HOFOR, Greater Copenhagen Utility, is the metropolitan area’s utility company. HOFOR is municipally owned, where the ownership of the water and wastewater services are shared between 8 municipalities.
Already in the 1980s Copenhagen community realized that something should be done about the air quality in the town and the avoidance of waste heat. The whole town was ploughed up to install district heating piping, that was getting its energy from a waste incinerating plant and the production of electricity at other plants just outside town.
At first the electricity was produced from natural gas and coal in different plants. First the natural gas plant was redesigned to burn wood pellets and finally a few years ago the big decision was taken to replace the coal fired station with a top of the line wet wood chips burning combined heat and power plant.
In 2019 the plant started production, annually using up to 1.2 million tonnes of wet wood chip (at least 45% moisture content). At the end of the commissioning period, finally this year January the plant reached 100% utilization, meaning that it produced 150 MW electricity and 370 MW of heat simultaneously.
The efficiency of the plant as expressed on the lower heating value of the fuel is well above 100%. This very high number can be achieved due to the fact that the plant uses the low temperature returning district heating water to cool the flue gasses. Once the flue gasses come below 65 degrees C, the evaporated water from the fuel condenses and releases the energy that was used to evaporate it. Not only the water that was evaporated will condense, but also the water that was generated by burning the wood. Wood is a carbohydrate and will form CO2 and water as the main constituents of the fuel gasses. The energy is transferred to the district heating water prior to be run through the boiler to be brought up to the normal running temperature.
Fortunately, the CHP plant is situated at a deep-water port, which makes it possible for even large ships to dock at the plant and transfer their chips directly into production. At the present rate of consumption a ship with between 4000 and 5000 tonnes of fuel is needed every day to keep the plant running. The storage capacity on site is limited to a few days of operation. A little bit of leeway can be obtained by receiving some roundwood (as deck cargo) which can be chipped on site in times of need.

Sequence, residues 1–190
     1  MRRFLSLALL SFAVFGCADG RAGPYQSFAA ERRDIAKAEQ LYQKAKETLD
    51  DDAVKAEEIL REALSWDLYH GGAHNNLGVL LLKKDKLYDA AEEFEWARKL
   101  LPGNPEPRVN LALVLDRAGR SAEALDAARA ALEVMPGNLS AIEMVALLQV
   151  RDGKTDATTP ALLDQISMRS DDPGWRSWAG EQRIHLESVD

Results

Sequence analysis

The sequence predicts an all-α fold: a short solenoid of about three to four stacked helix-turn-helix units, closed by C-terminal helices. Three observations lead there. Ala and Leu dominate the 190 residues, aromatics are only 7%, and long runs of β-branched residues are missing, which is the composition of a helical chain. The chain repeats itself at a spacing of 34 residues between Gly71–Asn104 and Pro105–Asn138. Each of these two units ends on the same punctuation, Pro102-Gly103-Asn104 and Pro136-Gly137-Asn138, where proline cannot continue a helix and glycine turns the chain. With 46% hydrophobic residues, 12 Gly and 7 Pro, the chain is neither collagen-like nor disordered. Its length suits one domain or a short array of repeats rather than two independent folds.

Announcement on Phasing out Wet Wood in England - Coal and wet wood burning: how will restrictions work?
(The notes below are taken from the Guardian Paper 21 February 2020)
Everything you need to know about the phasing out of the polluting domestic fuels in England.
From next year, sales of the most polluting domestic fuels, coal and wet wood, will be phased out in England. What will this mean for households, the environment and the traditional roaring open fire?
Everyone knows coal, but what is wet wood?As the name suggests, this is a type of fuel – usually in the form of undried fuel logs – with a moisture content of at least 20% that is burned in stoves and fireplaces. Also known as green or unseasoned wood, it is cheap and widely available in DIY or garden centres, where it is usually sold in sacks or nets. An estimated 2.5m homes in the UK rely on this or coal for heating.
Why is the government stopping sales of it?The moisture in the wood is a vector for pollutants that can cause breathing problems, heart ailments and lung cancer. When burned, damp wood produces more smoke than dry logs. This includes tiny particulates known as PM2.5 that are more harmful than bigger flakes of soot because they can penetrate deep into the respiratory system and bloodstream. Government figures show coal and wet wood is responsible for 38% of PM2.5 pollution in the UK, three times as much as road transport.
Why now?Action is long overdue. Even in London, which has had smoke control areas for more than 60 years, wood burning accounts for up to 31% of PM2.5, according to a study by King’s College. The mayor’s office says almost 8 million residents of the city live in places where this form of air pollution exceeds World Health Organization guidelines by at least 50%. At least a dozen other towns and cities, including Scunthorpe, Manchester, Swansea and Gillingham, have even higher levels of pollution.
READ FULL ARTICLE FROM GUARDIAN SOURCE:
Bioenergy Future Ireland 2020 is fast approaching you can Register here We are proud to bring together industry leaders and like-minded individuals to openly discuss the importance of bioenergy in the future of Ireland energy supply. We will be looking at the issues and opportunities around Renewable Heat Incentive (RHI), RES (E), National Energy & Climate Plan, Biomass, CHP, Biogas, Biofuels, Anaerobic Digestion and much more. Discussions will take place on the latest developments, trends, strategies and policies relating to one of Ireland’s most important energy sectors.